Tuesday Terror – The Pit and the Pendulum

The Pit and the Pendulum (1961)
No one shall ever enter this room again.

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© Metro-Goldwyn-Mayer Studios Inc.

Pit and the Pendulum was a film of many seconds for director Roger Corman. It was the second film adapted from an Edgar Allan Poe story, written by author and screenwriter Richard Matheson, who penned such successful novels such as I am Legend and the Incredible Shrinking Man. It was second big hit for distributor American International Pictures, grossing over $2 million USD from a measly $300,000 budget. It was also the second time that Corman would work with Vincent Price and Barbara Steele, each of whom would go on to become horror icons based on their work in numerous horror films.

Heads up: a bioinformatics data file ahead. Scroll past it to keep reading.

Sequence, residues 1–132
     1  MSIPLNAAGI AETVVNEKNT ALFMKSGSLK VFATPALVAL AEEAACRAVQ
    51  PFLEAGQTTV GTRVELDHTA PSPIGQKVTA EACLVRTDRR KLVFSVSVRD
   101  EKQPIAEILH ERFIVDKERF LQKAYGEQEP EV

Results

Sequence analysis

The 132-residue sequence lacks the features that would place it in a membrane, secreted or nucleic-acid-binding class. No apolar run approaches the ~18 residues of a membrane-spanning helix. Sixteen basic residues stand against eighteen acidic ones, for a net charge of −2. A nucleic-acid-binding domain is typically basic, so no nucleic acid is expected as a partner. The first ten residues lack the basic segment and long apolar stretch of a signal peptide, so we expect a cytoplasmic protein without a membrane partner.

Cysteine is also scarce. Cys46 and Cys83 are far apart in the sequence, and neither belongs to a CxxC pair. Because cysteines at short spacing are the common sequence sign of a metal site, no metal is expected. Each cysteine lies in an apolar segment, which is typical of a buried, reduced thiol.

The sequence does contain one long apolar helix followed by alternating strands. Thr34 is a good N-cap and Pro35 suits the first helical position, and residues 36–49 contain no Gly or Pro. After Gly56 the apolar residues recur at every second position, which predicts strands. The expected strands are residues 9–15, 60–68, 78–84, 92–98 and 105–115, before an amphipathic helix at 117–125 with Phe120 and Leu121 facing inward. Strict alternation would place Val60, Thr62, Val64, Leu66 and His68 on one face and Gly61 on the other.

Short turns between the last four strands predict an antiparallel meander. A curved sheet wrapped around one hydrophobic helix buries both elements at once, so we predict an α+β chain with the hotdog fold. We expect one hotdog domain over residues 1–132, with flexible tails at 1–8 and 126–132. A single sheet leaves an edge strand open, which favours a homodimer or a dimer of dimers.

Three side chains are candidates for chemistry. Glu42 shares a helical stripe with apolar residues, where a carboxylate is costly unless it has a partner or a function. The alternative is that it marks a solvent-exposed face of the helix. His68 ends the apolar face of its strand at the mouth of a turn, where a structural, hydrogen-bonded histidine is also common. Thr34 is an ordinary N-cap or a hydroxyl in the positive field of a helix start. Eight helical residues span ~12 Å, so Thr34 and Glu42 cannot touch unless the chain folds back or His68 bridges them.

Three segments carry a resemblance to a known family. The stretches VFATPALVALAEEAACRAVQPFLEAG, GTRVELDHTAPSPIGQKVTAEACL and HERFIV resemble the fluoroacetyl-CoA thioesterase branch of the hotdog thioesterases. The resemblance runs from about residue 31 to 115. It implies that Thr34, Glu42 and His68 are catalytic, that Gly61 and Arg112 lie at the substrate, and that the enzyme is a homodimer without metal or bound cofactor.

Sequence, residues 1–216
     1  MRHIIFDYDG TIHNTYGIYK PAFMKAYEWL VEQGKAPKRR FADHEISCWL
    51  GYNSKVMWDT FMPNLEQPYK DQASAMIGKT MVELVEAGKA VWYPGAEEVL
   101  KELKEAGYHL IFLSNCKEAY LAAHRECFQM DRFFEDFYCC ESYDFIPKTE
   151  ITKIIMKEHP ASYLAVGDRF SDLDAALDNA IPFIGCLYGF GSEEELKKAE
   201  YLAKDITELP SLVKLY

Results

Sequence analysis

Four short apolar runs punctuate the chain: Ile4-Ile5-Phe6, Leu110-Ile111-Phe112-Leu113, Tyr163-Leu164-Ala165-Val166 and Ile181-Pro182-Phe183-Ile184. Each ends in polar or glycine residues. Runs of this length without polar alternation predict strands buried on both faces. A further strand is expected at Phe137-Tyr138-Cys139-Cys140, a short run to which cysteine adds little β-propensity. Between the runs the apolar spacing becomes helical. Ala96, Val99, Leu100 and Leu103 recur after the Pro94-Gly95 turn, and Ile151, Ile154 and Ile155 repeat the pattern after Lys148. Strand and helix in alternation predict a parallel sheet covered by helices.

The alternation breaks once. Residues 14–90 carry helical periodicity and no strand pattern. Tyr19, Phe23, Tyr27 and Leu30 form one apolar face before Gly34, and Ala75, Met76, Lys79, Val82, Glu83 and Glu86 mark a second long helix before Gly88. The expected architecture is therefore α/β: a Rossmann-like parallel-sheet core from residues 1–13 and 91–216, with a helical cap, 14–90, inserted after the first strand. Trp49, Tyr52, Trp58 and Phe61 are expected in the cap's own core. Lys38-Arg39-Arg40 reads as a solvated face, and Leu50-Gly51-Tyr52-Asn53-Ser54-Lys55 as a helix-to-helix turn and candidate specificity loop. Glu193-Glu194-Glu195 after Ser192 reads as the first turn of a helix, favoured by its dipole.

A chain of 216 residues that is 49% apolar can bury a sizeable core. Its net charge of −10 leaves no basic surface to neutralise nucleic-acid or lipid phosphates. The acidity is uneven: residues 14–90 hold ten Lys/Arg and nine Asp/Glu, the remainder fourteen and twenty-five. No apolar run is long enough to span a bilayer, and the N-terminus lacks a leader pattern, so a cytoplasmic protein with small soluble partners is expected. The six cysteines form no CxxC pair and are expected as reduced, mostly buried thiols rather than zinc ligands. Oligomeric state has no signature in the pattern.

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© Metro-Goldwyn-Mayer Studios Inc.

 

Loosely based on Edgar Allan Poe of the same name, the story revolves around a tenacious Englishman Francis Barnard who goes to foreboding castle in Spain, after hearing word that his sister Elizabeth has died. He confronts his brother-in-law Don Nicholas Medina, demanding to know how she died. While there, Barnard finds the grieving don is slowly losing his mind, convinced that his late wife is haunting the castle, a site once used in the Spanish Inquisition. The don’s sister and personal physician try to sooth Barnard’s suspicions that Nicholas had anything to do with the sister’s death by revealing the tragic childhood trauma (shown in color-tinted vignette style flashbacks) that inflicts the don, but as the dark night drags by, it becomes apparent that a more sinister plot is afoot.